The Executive Secretary, National Universities Commission (NUC) Professor Abubakar Adamu Rasheeed has stated that the essence of government’s efforts at empowering procurement officers was to strengthen their understanding of procurement, environmental and social standards and their usefulness as policy tools in r e source utilisation.
Professor Rasheed made the remarks while addressing participants at a one-day’ Sustainable Capacity Development in Procurement and Environmental and Social Safeguard Workshop’, recently organised b y NUC in collaboration with World Bank (WB) for Procurement officers of Africa Centres of Excellence (ACEs) Project in Nigeria,
The Executive Secretary, who was represented by the Director, Research, Innovation and Information Technology, Dr. Suleiman Ramon-Yusuf, said that the aim of the workshop was to standardise procurement and also create more job opportunities for the teeming youths.
He disclosed that procurement would soon be offered as a course in Nigerian universities considering its place in ensuring safety and efficiency in resource utilisation in both public and private sector. He also noted that procurement was currently one of the major innovative means by which sustainable development was being promoted.
The NUC scribe stated that higher education had over the years been seen as catalyst for transformation and solution to problems confronting humanity, stressing that it had continued to be an instrument of influencing change towards sustainable development.
He emphasised that the strategic role of procurement in promoting sustainability makes academic and professional programmes which educate and train students in procurement courses very vital to procurement sustainability agenda.
Earlier in his welcome remarks, the Commission’s ACE Project Coordinator, Dr Joshua Atah said that the objective of the workshop was to achieve value for money, efficiency and effectiveness in the use of public and private sector resources.
He reiterated that the workshop was convened to proffer means of reducing graduates’ unemployment in Nigeria by empowering procurement personnel with the necessary skills that would lead to improved service delivery in government.
Dr Atah explained that the pilot phase of the training would involve federal universities based on merit selection from the six geo-political zones of the country, adding that it would be one centre per zone and modeled after the existing Africa Centres of Excellence (ACEs).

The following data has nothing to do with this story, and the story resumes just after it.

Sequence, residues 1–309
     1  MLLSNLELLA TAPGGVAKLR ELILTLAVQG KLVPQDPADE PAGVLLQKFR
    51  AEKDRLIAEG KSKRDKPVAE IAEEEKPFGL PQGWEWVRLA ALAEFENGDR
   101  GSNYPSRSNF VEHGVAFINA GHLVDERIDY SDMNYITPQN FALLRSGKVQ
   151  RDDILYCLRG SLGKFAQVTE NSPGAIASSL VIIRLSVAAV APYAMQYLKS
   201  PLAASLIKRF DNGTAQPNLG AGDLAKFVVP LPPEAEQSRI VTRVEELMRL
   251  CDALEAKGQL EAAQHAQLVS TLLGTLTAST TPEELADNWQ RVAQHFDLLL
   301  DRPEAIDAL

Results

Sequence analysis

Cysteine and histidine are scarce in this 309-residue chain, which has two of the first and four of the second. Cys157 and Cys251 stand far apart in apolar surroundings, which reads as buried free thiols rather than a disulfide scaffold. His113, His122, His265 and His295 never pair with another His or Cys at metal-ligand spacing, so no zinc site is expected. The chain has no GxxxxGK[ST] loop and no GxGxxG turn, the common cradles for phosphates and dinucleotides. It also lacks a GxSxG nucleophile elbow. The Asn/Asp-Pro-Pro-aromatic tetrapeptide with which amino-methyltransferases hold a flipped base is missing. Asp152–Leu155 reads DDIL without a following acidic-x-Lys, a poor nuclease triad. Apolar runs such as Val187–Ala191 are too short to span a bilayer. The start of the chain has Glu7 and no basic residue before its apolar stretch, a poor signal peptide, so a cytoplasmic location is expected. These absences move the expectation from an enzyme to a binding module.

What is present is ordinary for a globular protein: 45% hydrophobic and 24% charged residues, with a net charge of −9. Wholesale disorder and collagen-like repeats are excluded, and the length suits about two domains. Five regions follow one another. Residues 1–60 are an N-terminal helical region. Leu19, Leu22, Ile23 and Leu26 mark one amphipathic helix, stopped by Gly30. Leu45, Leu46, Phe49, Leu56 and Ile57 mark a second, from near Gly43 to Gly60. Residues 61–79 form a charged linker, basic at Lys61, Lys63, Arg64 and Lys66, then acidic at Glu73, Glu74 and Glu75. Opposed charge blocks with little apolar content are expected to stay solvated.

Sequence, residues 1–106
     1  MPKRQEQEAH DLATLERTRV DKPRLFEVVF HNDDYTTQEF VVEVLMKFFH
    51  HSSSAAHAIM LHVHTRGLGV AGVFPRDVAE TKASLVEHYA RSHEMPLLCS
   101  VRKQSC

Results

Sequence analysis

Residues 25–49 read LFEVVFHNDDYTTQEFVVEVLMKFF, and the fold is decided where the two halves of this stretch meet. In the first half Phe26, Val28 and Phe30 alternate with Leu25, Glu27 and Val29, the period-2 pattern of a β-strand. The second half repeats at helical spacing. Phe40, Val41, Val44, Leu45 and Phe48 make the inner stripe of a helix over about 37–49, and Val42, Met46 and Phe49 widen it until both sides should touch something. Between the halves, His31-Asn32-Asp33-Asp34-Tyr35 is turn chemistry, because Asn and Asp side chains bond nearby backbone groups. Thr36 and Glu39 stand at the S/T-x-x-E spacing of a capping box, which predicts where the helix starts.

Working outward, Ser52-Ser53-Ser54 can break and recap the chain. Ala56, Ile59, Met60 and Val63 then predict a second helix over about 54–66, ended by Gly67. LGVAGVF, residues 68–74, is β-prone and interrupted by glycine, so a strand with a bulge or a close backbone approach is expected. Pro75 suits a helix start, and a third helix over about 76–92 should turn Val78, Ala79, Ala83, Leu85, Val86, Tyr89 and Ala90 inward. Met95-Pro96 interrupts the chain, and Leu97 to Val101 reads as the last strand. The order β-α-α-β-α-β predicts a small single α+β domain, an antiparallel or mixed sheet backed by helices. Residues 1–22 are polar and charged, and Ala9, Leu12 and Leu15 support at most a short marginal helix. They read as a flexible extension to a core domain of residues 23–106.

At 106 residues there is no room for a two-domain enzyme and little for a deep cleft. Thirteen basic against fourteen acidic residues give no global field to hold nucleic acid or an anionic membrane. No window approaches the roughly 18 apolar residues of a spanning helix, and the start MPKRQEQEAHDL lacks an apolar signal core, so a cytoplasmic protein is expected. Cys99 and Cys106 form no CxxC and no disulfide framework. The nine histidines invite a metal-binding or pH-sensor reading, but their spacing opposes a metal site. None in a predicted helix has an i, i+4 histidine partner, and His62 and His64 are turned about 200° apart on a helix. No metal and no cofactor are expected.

On the criteria for selection of the universities, the ACE Project Coordinator highlighted that the programme would be based on track record and demonstration of ability to host the programme; deployment of Learning Management System (LMS), Distance Learning, Technology assisted Learning, stressing that the availability of campus-wide broad band infrastructure , especially the Nigerian Research and Education Network (NgREN), would be an added advantage.
In a presentation entitled ‘Institutionalising Procurement, Environmental and Social Standard in Nigeria’, World Bank Lead Procurement Specialist, Chief Bayo Awosemusi, explained that the federal and state governments have been implementing procurement reforms since year 2000, adding that for Nigeria to enhance its governance schemes and service delivery, it must reduce the cost of governance and corruption.
According to him, the need to ensure efficiency and effectiveness in service delivery necessitated the building of capacities of procurement officers as professionals, who were planning to establishing procurement Centres of Excellence.
He noted that since its adoption by federal and state governments, notable accomplishments had been recorded including the enactment of procurement laws, establishment of regulatory agencies, development and deployment of procurement tools and the creation of respective procurement cadre, among others.
On progress recorded in implementation of the procurement process, he said that there had been improvement in the number of competing bids for procurement opportunities arising from noticeable increase in private sector confidence in public procurement, though not reaching the aspired levels as well as improved value for money in public spending.